Even though schools may not seem outwardly racist, they can be biased despite what the article says about the myth of the school-to-prison pipeline.

Here are some reasons about how schools can have implicit bias and enforce the school-to-prison pipeline especially for minorities with behavior infractions. The lack of diversity in these powerful positions within schools is alarming:

1) Who makes the majority of education legislation?

White people

2) Why do schools globally not have the school-to-prison pipeline? It must be a myth then, right?

Finland is known to have a great and equal education system. Why? The population is homogeneous, one language is spoken, the overall country population is small, and the country agrees on the purpose of education. Click here to read more. The Finland education system could not work in the United States, because the United States has a rich and diverse culture with multiple languages. However, the people in charge of education have bias and do not necessarily think about all these cultural assets the citizens have. Rather, they teach and make legislation for the people like them who are easier to have empathy towards and do not allow for everyone to have the same opportunities.

3) Who creates most school disciplinary programs?

Mostly white people

4 Who is in charge of most schools (principals) and school districts (superintendents)?

White men

5) What is the race of most school teachers?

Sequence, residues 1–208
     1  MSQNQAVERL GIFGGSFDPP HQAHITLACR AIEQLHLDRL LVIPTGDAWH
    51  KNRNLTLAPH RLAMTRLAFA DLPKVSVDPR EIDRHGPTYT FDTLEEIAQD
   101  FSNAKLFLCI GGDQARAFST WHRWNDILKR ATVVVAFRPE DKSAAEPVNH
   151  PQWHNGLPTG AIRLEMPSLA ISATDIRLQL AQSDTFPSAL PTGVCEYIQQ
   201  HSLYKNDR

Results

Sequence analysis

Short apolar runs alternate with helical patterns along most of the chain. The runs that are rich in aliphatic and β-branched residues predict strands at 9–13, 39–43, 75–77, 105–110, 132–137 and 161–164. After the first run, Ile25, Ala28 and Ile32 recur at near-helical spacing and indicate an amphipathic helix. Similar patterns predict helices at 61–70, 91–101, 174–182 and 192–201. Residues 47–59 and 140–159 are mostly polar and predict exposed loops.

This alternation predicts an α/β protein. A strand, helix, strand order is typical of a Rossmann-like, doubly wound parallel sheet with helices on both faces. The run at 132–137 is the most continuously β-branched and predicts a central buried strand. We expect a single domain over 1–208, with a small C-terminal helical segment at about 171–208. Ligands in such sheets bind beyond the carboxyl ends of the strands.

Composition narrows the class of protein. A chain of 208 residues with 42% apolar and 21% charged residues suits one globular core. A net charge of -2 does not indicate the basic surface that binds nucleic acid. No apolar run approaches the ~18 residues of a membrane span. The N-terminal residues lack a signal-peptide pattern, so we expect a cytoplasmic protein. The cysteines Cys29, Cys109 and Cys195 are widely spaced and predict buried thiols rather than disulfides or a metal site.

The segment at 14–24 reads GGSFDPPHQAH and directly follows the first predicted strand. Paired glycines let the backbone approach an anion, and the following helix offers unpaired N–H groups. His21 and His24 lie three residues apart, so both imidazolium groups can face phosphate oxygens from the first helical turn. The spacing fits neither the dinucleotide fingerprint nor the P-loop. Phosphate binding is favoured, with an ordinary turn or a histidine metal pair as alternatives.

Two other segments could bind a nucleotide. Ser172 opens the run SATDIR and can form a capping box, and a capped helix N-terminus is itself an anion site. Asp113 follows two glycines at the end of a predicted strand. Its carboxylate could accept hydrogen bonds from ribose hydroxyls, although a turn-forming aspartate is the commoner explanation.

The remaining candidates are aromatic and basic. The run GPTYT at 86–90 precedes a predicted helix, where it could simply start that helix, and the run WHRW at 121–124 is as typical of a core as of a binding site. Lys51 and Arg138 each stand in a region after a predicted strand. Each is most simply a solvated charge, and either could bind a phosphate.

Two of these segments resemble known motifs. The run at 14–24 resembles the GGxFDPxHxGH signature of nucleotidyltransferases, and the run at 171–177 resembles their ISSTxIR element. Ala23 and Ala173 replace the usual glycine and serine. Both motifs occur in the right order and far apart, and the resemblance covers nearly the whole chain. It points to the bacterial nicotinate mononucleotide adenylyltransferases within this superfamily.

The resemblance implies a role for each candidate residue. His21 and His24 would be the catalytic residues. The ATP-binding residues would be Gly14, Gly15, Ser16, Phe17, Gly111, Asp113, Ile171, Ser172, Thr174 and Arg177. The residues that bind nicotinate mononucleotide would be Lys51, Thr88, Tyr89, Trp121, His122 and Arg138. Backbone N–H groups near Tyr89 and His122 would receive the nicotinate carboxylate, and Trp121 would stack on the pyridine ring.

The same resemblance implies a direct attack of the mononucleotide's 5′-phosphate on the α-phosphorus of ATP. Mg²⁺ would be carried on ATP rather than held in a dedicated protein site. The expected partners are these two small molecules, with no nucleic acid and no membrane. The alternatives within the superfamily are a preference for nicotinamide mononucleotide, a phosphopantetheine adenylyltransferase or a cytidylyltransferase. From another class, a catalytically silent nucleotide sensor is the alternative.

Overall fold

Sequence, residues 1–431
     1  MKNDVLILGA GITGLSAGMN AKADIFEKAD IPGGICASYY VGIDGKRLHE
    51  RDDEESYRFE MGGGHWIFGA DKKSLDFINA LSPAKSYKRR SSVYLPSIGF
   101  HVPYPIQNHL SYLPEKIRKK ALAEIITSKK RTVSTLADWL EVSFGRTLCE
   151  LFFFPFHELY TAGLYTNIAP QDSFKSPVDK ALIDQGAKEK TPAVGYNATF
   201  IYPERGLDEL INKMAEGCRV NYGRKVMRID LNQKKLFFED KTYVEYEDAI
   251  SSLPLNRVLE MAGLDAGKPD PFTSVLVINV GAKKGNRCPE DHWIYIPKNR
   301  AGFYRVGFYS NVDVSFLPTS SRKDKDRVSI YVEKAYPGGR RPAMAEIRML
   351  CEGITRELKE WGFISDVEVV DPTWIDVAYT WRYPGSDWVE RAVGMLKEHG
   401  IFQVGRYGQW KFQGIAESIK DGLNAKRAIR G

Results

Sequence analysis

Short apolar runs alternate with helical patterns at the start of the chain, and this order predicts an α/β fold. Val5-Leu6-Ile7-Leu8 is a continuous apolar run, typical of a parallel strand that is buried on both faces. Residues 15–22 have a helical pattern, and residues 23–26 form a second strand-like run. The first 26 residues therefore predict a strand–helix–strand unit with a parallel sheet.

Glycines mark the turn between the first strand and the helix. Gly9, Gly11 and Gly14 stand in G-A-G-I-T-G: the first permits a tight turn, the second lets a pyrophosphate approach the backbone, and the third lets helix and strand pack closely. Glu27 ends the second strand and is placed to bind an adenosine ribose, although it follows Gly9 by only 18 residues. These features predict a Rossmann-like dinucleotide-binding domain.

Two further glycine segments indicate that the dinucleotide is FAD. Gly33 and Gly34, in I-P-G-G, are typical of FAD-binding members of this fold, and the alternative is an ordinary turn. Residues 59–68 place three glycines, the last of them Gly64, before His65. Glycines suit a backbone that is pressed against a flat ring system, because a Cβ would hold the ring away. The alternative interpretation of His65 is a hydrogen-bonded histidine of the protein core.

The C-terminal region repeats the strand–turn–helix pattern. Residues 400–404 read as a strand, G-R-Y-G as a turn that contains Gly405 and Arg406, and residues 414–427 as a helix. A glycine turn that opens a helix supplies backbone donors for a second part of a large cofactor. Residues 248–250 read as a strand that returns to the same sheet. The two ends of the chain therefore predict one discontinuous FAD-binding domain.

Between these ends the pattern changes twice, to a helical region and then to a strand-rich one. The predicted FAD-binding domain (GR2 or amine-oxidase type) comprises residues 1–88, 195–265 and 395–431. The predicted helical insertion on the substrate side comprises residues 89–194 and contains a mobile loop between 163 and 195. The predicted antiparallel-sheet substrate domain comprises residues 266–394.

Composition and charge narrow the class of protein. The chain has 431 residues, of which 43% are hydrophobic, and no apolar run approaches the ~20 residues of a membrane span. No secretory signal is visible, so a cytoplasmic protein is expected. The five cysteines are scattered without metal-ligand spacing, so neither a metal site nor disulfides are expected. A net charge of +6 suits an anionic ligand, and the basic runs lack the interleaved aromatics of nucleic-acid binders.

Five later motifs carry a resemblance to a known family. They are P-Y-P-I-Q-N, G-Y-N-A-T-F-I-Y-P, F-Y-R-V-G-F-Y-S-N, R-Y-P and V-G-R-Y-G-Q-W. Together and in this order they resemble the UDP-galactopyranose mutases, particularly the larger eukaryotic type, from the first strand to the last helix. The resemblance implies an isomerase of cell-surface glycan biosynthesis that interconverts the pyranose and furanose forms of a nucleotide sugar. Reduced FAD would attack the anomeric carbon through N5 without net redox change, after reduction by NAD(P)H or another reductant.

See a trend?

How as a nation can we just blame stricter schools? It is the mindset and character education that is lacking from schools that could help change the behaviors within our school systems. School systems were designed to benefit white students; however, implicit bias can change and be acknowledged. Once this happens, there is a chance that schools can include and foster an environment that supports the learning of ALL students, therefore, preventing them from dropping out and ending up in the school-to-prison pipeline.


More sources that question the idea of the school-to-prison pipeline: (many tweets to go through)

This video argues that education starts at home. It says that the reason black students don't succeed in school is because they may not have the resources at home to learn basic material and behave before even entering school (which I believe is a large generalization). It states that schools push kids through and does not support their learning since most white students usually have more reading experience before they even enter school when compared to minority families.

My analysis: I agree education starts at home. However, teachers need to make schools an equal learning environment for all students. Yet, I do not think you can solely blame home life for the reason students go to jail. I think schools do have some blame if they enforce stereotypes and educate all students the same. It is a teacher’s job to face inequities and give students resources to learn at home as well. The video claims that parents are fully responsible for character development of students. However, parents are not trained and prepared as educators. It claims that poverty is not a problem, because even parents with jobs should take their children to libraries and help educate them. I disagree with this because many parents are not life-long learners themselves with a fixed mindset, they struggle with reading, may or may not have higher education, and some may not know English (the language homework is presented in). I think that video fails to also mention implicit bias and how the school system is structured.

What are your thoughts after reading and thinking about what critics are saying about the school-to-prison pipeline? What evidence does each side have to offer? If you do not think there is a school-to-prison pipeline then what do you think the main cause of juvenile incarceration rates in America come from today? Please feel free to comment your thoughts below!

17 views0 comments
bottom of page